I’ve bemoaned this phenomenon before, and will bemoan it again — because it’s a little presumptious, and a little vain, to proclaim we know what’s motivating the behavior of animals. And it’s a little disingenuous of us to to let ourselves be moved to tears based on a rash, and possibly erroneous, interpetration.
It’s as if we don’t want to let facts or reason get in the way of our “awwwws,” or when something is going viral.
The video, and snippets thereof, have been posted on YouTube by dozens, all it seems in the last couple of days.
One of those post reads, “In the city of Phetchaburi in Thailand, a dog discovered the fish out of the water and unconscious on the pavement. It will try not to let them die by spraying water with its snout. Besides the fish are few puddles. The dog will then sprinkle the fish, as if he wished they would not die. Touching!”
The original poster of the video, or at least someone claiming to be such, explained on LiveLeak “Hello we took this video on a short trip to asia. The dog here … hangs out at the docks (and) is trying to keep the fish alive. He understands they need water to live and it made me a little sad inside.”
(A short trip to Asia? Could they be less specific?)
Others who have posted the video say it happened in Taiwan. Some describe the dog as a golden retriever; others suspect it’s a shiba inu, but they all agree the dog is engaged in a valiant rescue effort.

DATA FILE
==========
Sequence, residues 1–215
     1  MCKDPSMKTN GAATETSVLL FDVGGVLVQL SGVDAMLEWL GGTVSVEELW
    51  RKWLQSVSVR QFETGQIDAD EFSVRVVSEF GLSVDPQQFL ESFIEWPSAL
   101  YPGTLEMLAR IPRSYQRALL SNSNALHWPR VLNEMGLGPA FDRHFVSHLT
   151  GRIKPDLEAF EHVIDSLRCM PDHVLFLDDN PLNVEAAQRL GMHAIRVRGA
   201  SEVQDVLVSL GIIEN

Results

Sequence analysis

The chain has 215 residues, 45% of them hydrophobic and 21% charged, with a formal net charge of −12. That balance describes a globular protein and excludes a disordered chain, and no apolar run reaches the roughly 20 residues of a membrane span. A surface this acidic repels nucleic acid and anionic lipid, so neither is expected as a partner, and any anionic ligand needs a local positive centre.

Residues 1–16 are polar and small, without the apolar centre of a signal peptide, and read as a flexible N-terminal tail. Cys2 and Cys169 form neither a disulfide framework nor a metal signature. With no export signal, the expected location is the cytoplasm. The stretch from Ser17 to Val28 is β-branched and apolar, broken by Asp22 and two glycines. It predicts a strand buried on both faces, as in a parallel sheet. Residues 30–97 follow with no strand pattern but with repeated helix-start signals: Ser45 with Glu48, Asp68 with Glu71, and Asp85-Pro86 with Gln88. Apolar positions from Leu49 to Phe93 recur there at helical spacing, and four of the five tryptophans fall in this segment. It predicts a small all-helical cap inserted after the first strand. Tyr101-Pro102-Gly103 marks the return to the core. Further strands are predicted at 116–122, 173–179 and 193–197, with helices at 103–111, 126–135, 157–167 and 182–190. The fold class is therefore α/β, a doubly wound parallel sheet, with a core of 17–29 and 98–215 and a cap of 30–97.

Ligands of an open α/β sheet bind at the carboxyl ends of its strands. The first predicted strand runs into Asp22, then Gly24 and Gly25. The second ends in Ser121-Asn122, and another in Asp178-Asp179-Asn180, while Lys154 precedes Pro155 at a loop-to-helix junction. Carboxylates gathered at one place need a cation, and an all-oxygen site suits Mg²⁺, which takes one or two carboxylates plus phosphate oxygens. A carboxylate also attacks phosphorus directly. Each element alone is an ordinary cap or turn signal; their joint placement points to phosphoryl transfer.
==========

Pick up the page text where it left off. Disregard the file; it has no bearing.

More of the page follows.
Some of those commenting on YouTube are pointing out that may not be the case:
“Sorry to burst your bubble but.. the Dog isn’t trying to save the fish. He think’s he is burying it. He’s using the water to bury it but doesn’t realize that water is not dirt, and hence he cannot successfully do the job properly. Canines are not intellectual enough to know that a fish needs water to breathe or survive.”
Others — caught up in the “awwww” of it all — refuse to accept that theory, or even consider it: “He is trying to save the fish,” asserts one. “He’s nudging it with his nose at 0:39. He’s trying to get the fish to move again and doesn’t understand why it won’t.”
There’s nothing wrong with speculation — as long as we admit it’s speculation, and don’t get too carried away by it.
Here’s mine. Assuming this dog is a regular at the wharf, maybe he discovered one day that he could revive dying fish by splashing them with water, and maybe he remembers that. Maybe he is trying to get them to move again. Maybe that’s because death saddens him, or maybe it’s because they’re more fun to play with when they’re flopping around.
Most of us are taught — in school, and in training for careers — to avoid using the word “maybe,” as it could maybe make us appear uncertain and plagued by self-doubt, the sort of person who would flip flop.